With his portfolio of connections he found that he was very frequently ideally placed to take advantage of "inside information", particularly in maiden races where the "form" is largely unknown to the public and his fellow bookmakers. It was often very significant for example if one of the owners of the forecast "paper" favourite in a maiden did NOT want to back his runner. If this was a runner from a big yard, with a big name jockey riding it, Dudley could lay this horse very often in big size to the off-course firms who would see "public mug" money for the tipped up favourite. Obviously this grossly simplifies what went on, but in a pre-Betfair age it shows how building up a network of informed clients could provide a massive edge.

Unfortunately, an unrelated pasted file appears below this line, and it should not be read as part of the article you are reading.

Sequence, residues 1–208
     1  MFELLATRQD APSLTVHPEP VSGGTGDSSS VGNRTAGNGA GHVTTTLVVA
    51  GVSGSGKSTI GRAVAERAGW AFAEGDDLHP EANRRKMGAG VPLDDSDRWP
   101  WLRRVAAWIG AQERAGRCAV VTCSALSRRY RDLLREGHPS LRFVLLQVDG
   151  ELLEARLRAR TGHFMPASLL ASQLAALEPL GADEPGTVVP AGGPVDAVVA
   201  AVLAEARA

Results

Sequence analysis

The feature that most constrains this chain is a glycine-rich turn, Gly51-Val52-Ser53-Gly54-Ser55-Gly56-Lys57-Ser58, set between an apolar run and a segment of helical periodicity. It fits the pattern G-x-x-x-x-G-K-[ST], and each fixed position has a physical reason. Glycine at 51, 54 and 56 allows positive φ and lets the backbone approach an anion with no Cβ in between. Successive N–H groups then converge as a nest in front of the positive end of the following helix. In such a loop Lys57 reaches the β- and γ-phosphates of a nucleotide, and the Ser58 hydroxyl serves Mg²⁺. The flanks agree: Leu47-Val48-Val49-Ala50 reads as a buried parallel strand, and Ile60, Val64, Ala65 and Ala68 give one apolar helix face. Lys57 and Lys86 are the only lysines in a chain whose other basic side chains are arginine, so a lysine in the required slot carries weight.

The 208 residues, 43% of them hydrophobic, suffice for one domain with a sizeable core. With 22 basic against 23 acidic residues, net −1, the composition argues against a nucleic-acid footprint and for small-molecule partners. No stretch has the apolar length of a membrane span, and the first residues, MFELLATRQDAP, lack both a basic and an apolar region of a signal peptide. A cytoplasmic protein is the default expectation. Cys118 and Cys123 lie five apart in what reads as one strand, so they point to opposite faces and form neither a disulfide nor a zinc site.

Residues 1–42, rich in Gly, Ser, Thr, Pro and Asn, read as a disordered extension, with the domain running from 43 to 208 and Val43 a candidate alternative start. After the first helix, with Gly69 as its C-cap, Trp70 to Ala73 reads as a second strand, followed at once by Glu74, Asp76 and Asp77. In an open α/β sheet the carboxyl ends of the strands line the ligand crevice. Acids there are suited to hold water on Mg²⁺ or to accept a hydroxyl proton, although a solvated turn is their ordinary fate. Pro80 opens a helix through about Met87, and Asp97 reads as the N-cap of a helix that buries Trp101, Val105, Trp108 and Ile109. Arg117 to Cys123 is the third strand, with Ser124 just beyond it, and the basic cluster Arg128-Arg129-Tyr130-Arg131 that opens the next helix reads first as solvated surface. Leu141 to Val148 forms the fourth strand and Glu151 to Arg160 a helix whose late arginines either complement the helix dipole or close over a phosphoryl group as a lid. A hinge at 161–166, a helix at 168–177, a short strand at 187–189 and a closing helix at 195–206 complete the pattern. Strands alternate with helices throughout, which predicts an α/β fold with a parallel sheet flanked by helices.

Dudley was very much a straight bookmaker when the turnover dictated to him that this was the right thing to do. He was a massive player year on year at Cheltenham, taking on the biggest punters from both England and Ireland.
One year in the early 1990s the results were extremely favourable, and when the bookmakers settled up at the end of the day, Dudley walked around the ring with a huge dustbin bag full of notes "collecting" all the losing bets hedged with him by the rest of the ring (this was still largely pre-exchange where the ring was vibrant place and the turnover not given away to Betfair/Betdaq). Returning to his hotel later, he emptied the bag on the floor of the room (it is probably true that in cash there was over £100,000 in there).